It's then fitting that Driveclub will be offered in a free form for PlayStation Plus users. The offering gives players about a fifth of the full game's total cars and tracks, but is otherwise unlocked for exploration both offline and on. Players can see for themselves if Driveclub has enough to offer over other new and upcoming racing alternatives out there.
DriveClub has enough good driving components to be worth a spin, but it doesn't come close to living up to the experience Sony promised with its year long delay. The frustrating AI issues, poor penalty system and unrealized social experience puts it second place behind Microsoft's far better Forza. Perhaps next year we'll see a closer battle between the two. Or, hey, how about a next-gen MotorStorm? That would've hit the spot.
So, at the end of the day, #DRIVECLUB is a technically proficient racer with a social side that can be fun. But overall it lacks some things that make racing games great, especially ones that insist on arcade style progression. Hardcore racing fans will be pleased by the bevy of cars available and may enjoy creating a club with their friends, but players like me won't be converted due to the lack of customization and/or arcade style gameplay. Despite all its flaws, #DRIVECLUB still manages to deliver a solid racing experience on the PS4, it just wasn't the one I was looking for.
DriveClub is easily accessibly and highly recommendable, even for no other reason than the simple fact that it's the only new racer available on PS4 this year. It's slickly designed and just plain fun to play. There's room for improvement on the car selection, progression and customization, but what's there is a fun racer with some interesting social options that dedicated racers can take advantage of.
The penalties for my aggressive style of racing seem like they would take all of the fun out of Driveclub for me, given that's usually the only way I can win in this genre, but that is not the case. I enjoy Driveclub a great deal and am looking forward to future updates and getting back online to race against other players. I enjoy the different tracks, beautiful locations and slick-looking cars, and unlocking new rides is always a rush and the thrill of victory is addictive and rewarding.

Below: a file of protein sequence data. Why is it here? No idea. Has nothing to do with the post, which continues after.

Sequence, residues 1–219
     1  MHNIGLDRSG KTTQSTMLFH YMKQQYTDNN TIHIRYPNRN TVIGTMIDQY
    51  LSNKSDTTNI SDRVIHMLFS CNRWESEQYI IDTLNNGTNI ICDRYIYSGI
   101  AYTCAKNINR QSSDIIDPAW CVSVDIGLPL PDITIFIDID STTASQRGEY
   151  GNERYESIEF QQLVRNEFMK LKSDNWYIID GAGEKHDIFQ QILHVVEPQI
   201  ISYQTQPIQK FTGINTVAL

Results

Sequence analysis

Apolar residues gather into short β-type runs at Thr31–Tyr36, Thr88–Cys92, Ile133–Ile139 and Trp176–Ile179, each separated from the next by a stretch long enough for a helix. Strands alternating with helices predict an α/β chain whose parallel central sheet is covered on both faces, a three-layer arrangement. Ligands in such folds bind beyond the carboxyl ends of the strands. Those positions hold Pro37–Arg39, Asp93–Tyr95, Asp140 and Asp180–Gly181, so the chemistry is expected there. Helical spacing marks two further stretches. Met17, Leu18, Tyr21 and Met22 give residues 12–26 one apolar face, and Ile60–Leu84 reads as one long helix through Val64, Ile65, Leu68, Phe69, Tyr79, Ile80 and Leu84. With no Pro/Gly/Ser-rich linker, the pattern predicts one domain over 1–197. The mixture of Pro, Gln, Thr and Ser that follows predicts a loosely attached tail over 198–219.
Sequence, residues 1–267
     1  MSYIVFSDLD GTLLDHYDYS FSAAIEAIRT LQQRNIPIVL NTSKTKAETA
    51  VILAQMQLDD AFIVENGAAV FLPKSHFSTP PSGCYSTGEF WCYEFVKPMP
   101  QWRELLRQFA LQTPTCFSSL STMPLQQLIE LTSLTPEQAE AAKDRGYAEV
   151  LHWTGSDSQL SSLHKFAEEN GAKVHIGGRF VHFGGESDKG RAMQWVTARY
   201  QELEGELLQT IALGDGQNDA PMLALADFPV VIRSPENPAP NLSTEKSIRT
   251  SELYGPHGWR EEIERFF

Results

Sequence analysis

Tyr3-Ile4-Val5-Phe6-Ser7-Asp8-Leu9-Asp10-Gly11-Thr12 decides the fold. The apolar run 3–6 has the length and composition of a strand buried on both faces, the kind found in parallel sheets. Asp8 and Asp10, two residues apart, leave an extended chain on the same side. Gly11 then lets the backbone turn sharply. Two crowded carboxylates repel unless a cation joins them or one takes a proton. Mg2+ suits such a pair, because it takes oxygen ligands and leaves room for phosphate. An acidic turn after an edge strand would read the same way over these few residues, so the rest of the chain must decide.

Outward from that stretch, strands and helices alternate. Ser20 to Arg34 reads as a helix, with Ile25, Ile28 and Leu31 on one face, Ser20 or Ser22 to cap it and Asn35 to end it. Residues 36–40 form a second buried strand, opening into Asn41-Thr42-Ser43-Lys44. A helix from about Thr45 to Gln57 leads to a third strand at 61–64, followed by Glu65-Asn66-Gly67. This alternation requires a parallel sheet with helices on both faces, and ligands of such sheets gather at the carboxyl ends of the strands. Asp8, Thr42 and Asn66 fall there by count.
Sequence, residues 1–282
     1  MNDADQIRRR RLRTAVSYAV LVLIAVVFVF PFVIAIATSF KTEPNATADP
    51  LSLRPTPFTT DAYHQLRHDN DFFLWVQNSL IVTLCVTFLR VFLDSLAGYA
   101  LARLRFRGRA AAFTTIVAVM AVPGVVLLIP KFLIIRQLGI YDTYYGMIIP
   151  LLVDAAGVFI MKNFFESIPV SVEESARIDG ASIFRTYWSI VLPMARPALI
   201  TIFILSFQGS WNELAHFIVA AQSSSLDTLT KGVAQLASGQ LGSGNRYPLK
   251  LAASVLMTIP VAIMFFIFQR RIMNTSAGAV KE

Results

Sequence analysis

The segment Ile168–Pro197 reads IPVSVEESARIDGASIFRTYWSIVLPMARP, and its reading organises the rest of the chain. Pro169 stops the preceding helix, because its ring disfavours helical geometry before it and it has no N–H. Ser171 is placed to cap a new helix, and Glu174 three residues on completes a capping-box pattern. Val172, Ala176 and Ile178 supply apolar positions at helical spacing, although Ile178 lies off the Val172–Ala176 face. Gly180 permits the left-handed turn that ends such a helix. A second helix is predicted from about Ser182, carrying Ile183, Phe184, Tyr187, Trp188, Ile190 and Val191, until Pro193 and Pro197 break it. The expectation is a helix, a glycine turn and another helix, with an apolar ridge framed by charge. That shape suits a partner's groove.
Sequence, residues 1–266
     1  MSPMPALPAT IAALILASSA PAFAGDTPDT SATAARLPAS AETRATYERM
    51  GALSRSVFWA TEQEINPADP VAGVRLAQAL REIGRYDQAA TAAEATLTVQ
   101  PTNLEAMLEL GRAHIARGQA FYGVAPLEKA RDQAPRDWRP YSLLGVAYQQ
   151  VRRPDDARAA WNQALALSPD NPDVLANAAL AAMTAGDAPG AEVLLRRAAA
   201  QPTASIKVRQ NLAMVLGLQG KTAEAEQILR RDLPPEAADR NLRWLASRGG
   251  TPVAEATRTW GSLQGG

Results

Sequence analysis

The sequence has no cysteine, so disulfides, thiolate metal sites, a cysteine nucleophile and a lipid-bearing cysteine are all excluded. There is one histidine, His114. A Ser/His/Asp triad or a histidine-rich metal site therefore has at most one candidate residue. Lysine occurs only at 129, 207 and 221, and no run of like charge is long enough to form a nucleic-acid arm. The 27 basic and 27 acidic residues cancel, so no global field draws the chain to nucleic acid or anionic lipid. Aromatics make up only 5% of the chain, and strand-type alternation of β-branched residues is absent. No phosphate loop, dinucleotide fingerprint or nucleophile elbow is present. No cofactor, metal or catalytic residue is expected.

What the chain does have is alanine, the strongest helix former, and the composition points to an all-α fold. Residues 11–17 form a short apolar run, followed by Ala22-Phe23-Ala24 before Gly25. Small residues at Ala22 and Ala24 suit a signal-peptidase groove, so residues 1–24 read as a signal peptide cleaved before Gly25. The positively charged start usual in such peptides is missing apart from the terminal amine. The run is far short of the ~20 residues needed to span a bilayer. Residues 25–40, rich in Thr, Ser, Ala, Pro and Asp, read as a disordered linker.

If you're willing to take a chance on Driveclub, it rewards you with its all-business design and impressively brief loading times. From a content perspective, it lands smack dab between "bare bones" and "feature-packed," with just enough content that it can't be classified as a glorified starter pack. It's a racing game with just the essentials plus added social incentives that let you compete at your own pace, as long as you're not the compulsive type who needs to win every challenge.
DriveClub's balanced physics and impressive presentation make for an all-around excellent racer, even if there's still a lot of room for Evolution Studios to expand and improve upon. However, the overly aggressive AI and archaic progression system may deter non-racing fans, while the ongoing online issues remain infuriating. If you can look beyond the tire smoke prompted by the release's poor launch, there is a really enjoyable game here. Still, the uncertain among you may be better off riding shotgun in the elusive PlayStation Plus version before buckling up in the full title's driver's seat.
Too casual for the hardcore, too hard for the casual. Driveclub might have a hard time finding its right audience, but its undeniably a gorgeous racer with expertly integrated social options.
'Driveclub' features all the thrills of high-speed octane driving one can have without having to fear a speeding ticket, however, this isn't a driving simulator of the 'Gran Tursimo' variety. Graphically amazing and technically flawless, 'Driveclub' has more pros than cons. The one real caveat is that it's still just a racing game that isn't particularly fun or hilarious. For those kicks, I heartily suggest 'Mario Kart 8'. 'Driveclub,' meanwhile, is part of the new social racer genre, but its gameplay left me cold. Recommended for racing aficionados, worth a look for everyone else.
The debut PlayStation 4 racing title from Evolution Studios barely crosses the finish line. There are decent ideas here, but shortcomings in many areas keep Driveclub well back of a podium finish.
If you can look past the dings in the paint job there's a lot of fun to be had with DriveClub but be sure not to go in expecting the new standard in racing games. You'll surely end up disappointed.